A new technique for observing neural activity will allow scientists to stimulate neurons and observe their firing pattern in real time. Tracing those neural pathways can help researchers answer questions about how neural signals propagate, and could one day allow doctors to design individualized treatments for a host of disorders.
A new theoretical framework outlined by a Harvard scientist could help solve the mystery of how bacterial cells coordinate processes that are critical to cellular division, such as DNA replication, and how bacteria know when to divide.
A team at Harvard Stem Cell Institute recently found that transplanting mesenchymal stem cells along with blood-vessel-forming cells naturally found in circulation improves results. This co-transplantation keeps the mesenchymal stem cells alive longer in mice after engraftment, up to a few weeks compared with hours without co-transplantation.
Harvard Stem Cell Institute scientists collaborating with researchers at the University of Pennsylvania have developed a “genome-editing” approach for permanently reducing cholesterol levels in mice through a single injection, a development with the potential to reduce the risk of heart attacks in humans by 40 to 90 percent.
A team of Harvard researchers has demonstrated that a shared developmental mechanism in songbirds is responsible for generating tremendous variability in their beaks, and is also a control on what kind variation can be produced.
A study from Harvard Medical School provides the first comprehensive description of how cytomegalovirus, or CMV, hijacks human cells and suggests entirely new ways to combat the infection.
A natural hormone that is increased by physical exercise and by exposure to cold improves blood sugar control, suppresses inflammation, and burns fat to mold leaner bodies in mice, report scientists at the Harvard-affiliated Dana-Farber Cancer Institute.
Divinity School graduate Shelley Brown is combining her love for science and religion to help stitch together two fields that rarely seem to meet.
The Harvard Stem Cell Institute is now 10 years old. What began as an idea embracing cross-disciplinary research quickly became a generator of scientific discoveries.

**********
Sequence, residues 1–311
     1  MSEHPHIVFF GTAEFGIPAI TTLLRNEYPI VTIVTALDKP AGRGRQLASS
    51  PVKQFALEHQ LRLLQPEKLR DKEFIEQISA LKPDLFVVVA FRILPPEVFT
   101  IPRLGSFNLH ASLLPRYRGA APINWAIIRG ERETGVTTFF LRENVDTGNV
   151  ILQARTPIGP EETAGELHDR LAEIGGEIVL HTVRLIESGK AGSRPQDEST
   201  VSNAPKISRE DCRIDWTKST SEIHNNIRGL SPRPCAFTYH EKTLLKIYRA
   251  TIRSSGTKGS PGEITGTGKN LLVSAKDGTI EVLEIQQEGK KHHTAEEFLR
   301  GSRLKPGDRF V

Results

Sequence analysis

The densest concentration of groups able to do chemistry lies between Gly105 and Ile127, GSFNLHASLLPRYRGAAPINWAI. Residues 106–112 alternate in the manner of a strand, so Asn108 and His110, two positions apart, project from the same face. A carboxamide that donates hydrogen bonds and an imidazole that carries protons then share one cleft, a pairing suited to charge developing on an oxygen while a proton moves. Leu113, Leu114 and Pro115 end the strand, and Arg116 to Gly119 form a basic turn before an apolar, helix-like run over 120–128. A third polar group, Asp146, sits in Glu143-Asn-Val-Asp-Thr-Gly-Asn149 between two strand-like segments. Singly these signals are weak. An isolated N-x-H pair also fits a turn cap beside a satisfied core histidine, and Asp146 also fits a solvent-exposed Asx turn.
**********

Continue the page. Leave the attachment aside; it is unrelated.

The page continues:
It could be that the key to being a better parent is all in your head, Harvard researchers say.
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Harvard scientists have merged stem cell and “organ-on-a-chip” technologies to grow, for the first time, functioning human heart tissue carrying an inherited cardiovascular disease. The research appears to be a big step forward for personalized medicine, because it is working proof that a chunk of tissue containing a patient’s specific genetic disorder can be replicated in the laboratory.
Despite this year’s long winter and slow-warming spring, Harvard experts say that climate change hasn’t gone on hiatus. Long-term evidence indicates that spring in Boston has begun coming weeks earlier over the last century. The Gazette spoke with Elizabeth Wolkovich, a recently appointed assistant professor of organismic and evolutionary biology, about spring’s arrival, climate change, and nature’s life cycles.
Harvard Stem Cell Institute researchers at Boston Children’s Hospital have reprogrammed mature blood cells from mice into blood-forming hematopoietic stem cells (HSCs), using a cocktail of eight genetic switches called transcription factors. The reprogrammed cells have the functional hallmarks of HSCs and are able to self-renew like those cells.
For most people, rock-paper-scissors is a game used to settle disputes on the playground. For biologists, however, it is a powerful guide for understanding ...
A study following more than 1,800 children from ages 6 months to nearly 8 years old found a small but consistent association between increased television viewing and shorter sleep duration.
New research conducted at Harvard demonstrates sharing behavior in African grey parrots.
The narwhal tusk has now been mapped, showing a pathway between the spiral tooth and the narwhal brain. The study reflects how the mysterious animal may use its tusk to suss out its environment.
Scientists have long suggested that the best way to settle the debate about how phenotypic plasticity may be connected to evolution would be to identify a mechanism that controls both. Harvard researchers say they have discovered just such a mechanism in insulin signaling in fruit flies.
A Harvard research team led by Kevin Kit Parker, a Harvard Stem Cell Institute principal faculty member, has identified a set of 64 crucial parameters by which to judge stem cell-derived cardiac myocytes, making it possible for scientists and pharmaceutical companies to quantitatively judge and compare the value of stem cells.
Harvard stem cell scientists have successfully converted skins cells from patients with early onset Alzheimer’s into the types of neurons affected by the disease, making it possible for the first time to study this leading form of dementia in living human cells.